SUNBIZ

Sometimes Fiji Surprises You

After twenty-five years in Fiji, the majority of which was spent involved in the tourism industry, I thought that I had a pretty good fix on most of the tourism
11 Feb 2017 11:00
Sometimes Fiji Surprises You
Captain Cook Cruises Catamaran Fiji One.

After twenty-five years in Fiji, the majority of which was spent involved in the tourism industry, I thought that I had a pretty good fix on most of the tourism offerings.

I respect the tourism industry and believe that we are at world class levels with plant and experience product and sometimes we lead the world, especially with our shark feeding products and some of our top end resorts like Likuliku, Vomo and Tokoriki.

But sometimes there is something that comes along and surprises you.

This Christmas, my sister from Australia spent the season with us, and she and her husband took a sunset dinner cruise with Captain Cook.

They came back later that night raving about the unbelievable time they had, the fun, the great food and the peace and beauty of the sunset.

They were so blown away that we decided that we needed to try this too.

We booked for a Saturday night and turned up a bit early for the five-thirty departure, got our ticket,  took an outside table at Lulu’s and passed the time with a Fiji Bitter.

At boarding time a large group of people turned up and moved down the dock, boarded without any fuss and made straight for the foredeck, where there were a number of chairs placed in small groups. We followed.

The vessel is a very large and beautifully presented catamaran called “Fiji One”, with an amazing amount of open deck space and  two levels of enclosed vast cabins, one of which is the dining and entertainment area and the upper is the Captain’s Lounge, nicely set up for sitting around and sipping something cool.

Both the inside areas have very large windows all around, providing uninterrupted views.

The dining area has a smart bar and an even smarter barman, Freddi Aisake, who can mix you whatever your favourite drink is, or will happily introduce you to something new.

The bar also has a small but well thought out selection of wines from Australia, New Zealand and France, a selection of different beers and a range of spirits.

We moved from the dock to the front of the boat and chose two chairs set alone.

The crew came around with nibbles and some very tasty meatballs and we were offered champagne or orange juice.

The MC, Marika Donu made the mandatory safety speech, including instructions on how the correctly put on a life jacket and the sound advice that if you put it on upside down you would float with your feet in the air, looking into the eyes of fish.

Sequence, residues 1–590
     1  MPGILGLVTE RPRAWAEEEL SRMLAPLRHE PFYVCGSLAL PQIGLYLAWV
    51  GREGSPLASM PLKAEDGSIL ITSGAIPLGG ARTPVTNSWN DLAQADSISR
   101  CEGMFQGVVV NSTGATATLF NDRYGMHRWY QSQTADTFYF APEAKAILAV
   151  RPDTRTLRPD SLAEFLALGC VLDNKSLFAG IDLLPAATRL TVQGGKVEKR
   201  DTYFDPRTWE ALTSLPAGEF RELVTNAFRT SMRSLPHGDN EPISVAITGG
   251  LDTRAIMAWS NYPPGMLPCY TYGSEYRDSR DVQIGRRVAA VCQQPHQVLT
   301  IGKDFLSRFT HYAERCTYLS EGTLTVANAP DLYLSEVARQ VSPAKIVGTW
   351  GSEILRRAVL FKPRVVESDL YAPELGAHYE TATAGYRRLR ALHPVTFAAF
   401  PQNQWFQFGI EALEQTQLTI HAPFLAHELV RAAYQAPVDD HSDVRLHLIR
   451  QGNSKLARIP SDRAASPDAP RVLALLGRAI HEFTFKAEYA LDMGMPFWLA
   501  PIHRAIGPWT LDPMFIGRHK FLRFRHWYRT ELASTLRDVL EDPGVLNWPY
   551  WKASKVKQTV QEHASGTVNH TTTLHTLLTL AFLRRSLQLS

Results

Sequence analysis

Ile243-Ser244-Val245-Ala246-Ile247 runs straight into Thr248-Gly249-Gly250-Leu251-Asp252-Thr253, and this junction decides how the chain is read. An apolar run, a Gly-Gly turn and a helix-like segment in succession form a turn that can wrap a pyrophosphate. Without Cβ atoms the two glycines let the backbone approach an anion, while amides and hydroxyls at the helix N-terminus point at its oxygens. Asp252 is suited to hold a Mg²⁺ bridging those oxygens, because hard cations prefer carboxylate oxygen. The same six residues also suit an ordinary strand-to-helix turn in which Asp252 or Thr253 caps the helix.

As we left the wharf some people moved inside but we stayed in the cool air on the foredeck while the vessel left the harbour and made a stately passage out into Nadi Bay, where it turned west and headed into the sunset.

It is remarkably peaceful out in the bay on dusk, the slow motion of the vessel making no sound, the Denarau hotels spread along the port side with myriad sparkling lights, the sunset glow reflected on the water and the soft murmur of people talking together.

We were called to dinner and went below to the dining area.

Seating was at small individual tables and our pre-ordered wine was at our table ready for us.

Dinner was buffet style, with a remarkably wide range of salads, potato dishes, pastas, a series of dressings, steak, chicken, fish dishes and a special surprise of barbecued lobster tails, choices of bread and sauces.

Everything was freshly prepared by the on-board Chef Teila Soro and her assistants and even the steak was perfectly done, (which is difficult to do for a buffet) not the least over cooked.

For those who still had space, there was desert served at the table. It is possible to order a whole lobster with a choice of sauces when you book and it looked like at least half the passengers had taken this option.

We had the standard offering and were more than satisfied, especially as there were as many lobster tails as we wanted in the buffet anyway.

All the fish comes in from the Yasawas on the Captain Cook vessels returning each afternoon so there is no debate about how fresh they are. And the taste says everything.

After dinner there is entertainment under the aggressive control of Marika, helped by the boys and girls of the crew.

I’ve seen many mekes in my time here but the performance on the vessel has a real edge to it.

It is very personal, the people performing have been talking to you all night.

And it is very inclusive. It’s very hard to hide from Marika when he is looking for more people to dance. On the night we were there a lot of the passengers were Chinese and there were a lot of small children.

The tiny kids joined in and had a great time and it was delightful to see the tiny girls sitting with the Fijian women in the sitting meke.

At the end of the night there was a real feeling of disappointment amongst the passengers that it was over and we had to leave.

It is a wonderful product and one that I will now be recommending to anyone who asks what they should do in Fiji. It is the rare product that is a pure, genuine Fijian experience. but is also world class.

In writing this article I had also planned to cover the other Captain Cook products, but I am so convinced that this diner cruise is something special that I have decided that it deserves the extra space.

For locals looking for a special experience I recommend it, it will make any occasion totally memorable and will give you many great photos for your Facebook page.

 


John Ross is a Nadi-based marketing and advertising specialist with a long background in tourism. For feedback on this article, please email him: johnrossfiji@gmail.com

 

 

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